Fungal infections – Fungal infections on the skin, ears, or other body parts can cause black greasy discharge. Symptoms may include hair loss, redness, thickened skin, and a bad odor. Fungal infections can be treated with medicated shampoos, oral medications, or topical creams prescribed by a veterinarian. In severe cases, surgery may be required.12

Abscesses – Abscesses are pockets of pus under the skin often caused by bacterial infections. They can rupture and leak a black, bloody, or yellow discharge. Abscesses require drainage, flushing, and antibiotics from a vet.

Plague – Although rare, cats can get plague from infected rodents or fleas. The bacterial infection causes swollen lymph nodes that can rupture and ooze black material. Plague is life-threatening if left untreated.3

Overall, any unusual discharge in cats should be evaluated by a veterinarian to diagnose and treat the underlying condition.


Allergies are a common cause of black nasal discharge in cats. Just like in humans, allergies in cats can cause inflammation and increased mucus production in the nasal passages and sinuses. This excess mucus can dry out and cause the formation of black crusty discharge around the nose and eyes.

Cats can be allergic to things like pollen, dust mites, molds, and even ingredients in their food. Inhalant allergies like pollen and dust cause immune reactions when breathed in. This leads to itching, sneezing, and nasal discharge. Food allergies generally cause skin reactions like itching and hair loss in addition to respiratory signs.

Allergic rhinitis is the medical term for inflammation of the nasal passages caused by an allergic reaction. Chronic rhinitis leads to ongoing nasal discharge, which dries into a black crust on the nose and face. Allergies should be suspected especially if the cat has recurrent bouts of sneezing and nasal discharge 1.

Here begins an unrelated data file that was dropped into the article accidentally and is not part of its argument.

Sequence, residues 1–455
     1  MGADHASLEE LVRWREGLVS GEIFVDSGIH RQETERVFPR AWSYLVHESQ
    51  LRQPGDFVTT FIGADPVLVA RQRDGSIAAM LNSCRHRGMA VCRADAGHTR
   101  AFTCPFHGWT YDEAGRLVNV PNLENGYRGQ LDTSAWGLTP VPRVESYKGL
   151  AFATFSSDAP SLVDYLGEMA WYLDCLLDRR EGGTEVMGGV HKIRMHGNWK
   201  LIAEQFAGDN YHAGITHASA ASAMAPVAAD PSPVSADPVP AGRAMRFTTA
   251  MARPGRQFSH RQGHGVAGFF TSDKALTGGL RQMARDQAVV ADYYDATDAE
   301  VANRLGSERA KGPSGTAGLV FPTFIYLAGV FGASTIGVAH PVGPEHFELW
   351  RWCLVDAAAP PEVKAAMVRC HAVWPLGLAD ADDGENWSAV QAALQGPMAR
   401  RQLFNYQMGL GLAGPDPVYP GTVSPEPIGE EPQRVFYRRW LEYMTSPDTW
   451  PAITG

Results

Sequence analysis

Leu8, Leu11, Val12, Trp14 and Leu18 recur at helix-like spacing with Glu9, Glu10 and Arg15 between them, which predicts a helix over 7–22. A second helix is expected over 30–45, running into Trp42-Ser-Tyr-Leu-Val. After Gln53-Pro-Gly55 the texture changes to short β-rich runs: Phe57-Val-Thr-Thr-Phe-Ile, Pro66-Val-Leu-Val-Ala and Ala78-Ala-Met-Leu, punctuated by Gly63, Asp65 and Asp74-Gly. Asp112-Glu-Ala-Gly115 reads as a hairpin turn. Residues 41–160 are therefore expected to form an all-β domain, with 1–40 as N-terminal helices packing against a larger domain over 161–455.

Diagnosing allergies usually involves testing for allergic reactions, changing diets, and ruling out infections. Treating allergies involves avoiding triggers, medications, and immunotherapy. Keeping the cat’s face clean can help remove dried discharge. Overall management of allergies is needed to stop ongoing inflammation and black nasal crusting.


Nasal cancer, though rare in cats, can also lead to black nasal discharge. Feline nasal cancer, also known as nasal adenocarcinoma, accounts for around 1-2% of all feline tumors. Some main symptoms of nasal cancer include nasal discharge containing blood, mucus, or pus; noisy breathing sounds; facial deformity or swelling; and ocular discharge or bulging eyes.

The exact cause of nasal cancer in cats is unknown, but long-nosed breeds like Siamese are more predisposed. The cancer usually starts inside the nose and invades outward into the sinus cavities and face over time. As the tumor grows, it can obstruct nasal passages and lead to the accumulation of bloody, black discharge.

To diagnose nasal cancer, vets will perform advanced imaging like CT scans or rhinoscopy to view inside the nasal passages and take biopsies. Treatment usually involves some combination of surgery, radiation therapy, and chemotherapy. Though nasal cancer often carries a poor prognosis, early diagnosis and treatment can prolong a cat’s survival and comfort.


Veterinarians will perform a full physical exam on the cat, checking the ears, eyes, nose, and mouth for signs of infection or other issues. They will take the cat’s temperature and feel its lymph nodes for enlargement, which can indicate infection. The vet will also listen to the cat’s breathing with a stethoscope.